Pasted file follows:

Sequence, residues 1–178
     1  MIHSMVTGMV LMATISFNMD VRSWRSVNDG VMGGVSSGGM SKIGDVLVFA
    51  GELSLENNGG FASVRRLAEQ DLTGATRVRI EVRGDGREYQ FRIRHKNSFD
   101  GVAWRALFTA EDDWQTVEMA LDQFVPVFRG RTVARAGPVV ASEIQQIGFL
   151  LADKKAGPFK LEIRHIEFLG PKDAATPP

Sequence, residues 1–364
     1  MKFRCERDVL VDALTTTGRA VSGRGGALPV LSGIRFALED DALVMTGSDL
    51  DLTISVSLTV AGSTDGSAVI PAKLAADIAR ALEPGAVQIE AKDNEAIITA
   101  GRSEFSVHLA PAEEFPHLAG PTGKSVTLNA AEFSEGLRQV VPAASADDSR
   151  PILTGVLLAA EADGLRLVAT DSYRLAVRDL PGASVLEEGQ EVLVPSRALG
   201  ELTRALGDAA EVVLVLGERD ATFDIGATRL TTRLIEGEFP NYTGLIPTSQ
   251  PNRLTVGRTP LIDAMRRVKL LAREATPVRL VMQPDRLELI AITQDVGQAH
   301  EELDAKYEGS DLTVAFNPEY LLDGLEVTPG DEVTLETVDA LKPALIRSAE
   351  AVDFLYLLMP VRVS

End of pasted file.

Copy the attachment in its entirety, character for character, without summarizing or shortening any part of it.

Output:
Sequence, residues 1–178
     1  MIHSMVTGMV LMATISFNMD VRSWRSVNDG VMGGVSSGGM SKIGDVLVFA
    51  GELSLENNGG FASVRRLAEQ DLTGATRVRI EVRGDGREYQ FRIRHKNSFD
   101  GVAWRALFTA EDDWQTVEMA LDQFVPVFRG RTVARAGPVV ASEIQQIGFL
   151  LADKKAGPFK LEIRHIEFLG PKDAATPP

Sequence, residues 1–364
     1  MKFRCERDVL VDALTTTGRA VSGRGGALPV LSGIRFALED DALVMTGSDL
    51  DLTISVSLTV AGSTDGSAVI PAKLAADIAR ALEPGAVQIE AKDNEAIITA
   101  GRSEFSVHLA PAEEFPHLAG PTGKSVTLNA AEFSEGLRQV VPAASADDSR
   151  PILTGVLLAA EADGLRLVAT DSYRLAVRDL PGASVLEEGQ EVLVPSRALG
   201  ELTRALGDAA EVVLVLGERD ATFDIGATRL TTRLIEGEFP NYTGLIPTSQ
   251  PNRLTVGRTP LIDAMRRVKL LAREATPVRL VMQPDRLELI AITQDVGQAH
   301  EELDAKYEGS DLTVAFNPEY LLDGLEVTPG DEVTLETVDA LKPALIRSAE
   351  AVDFLYLLMP VRVS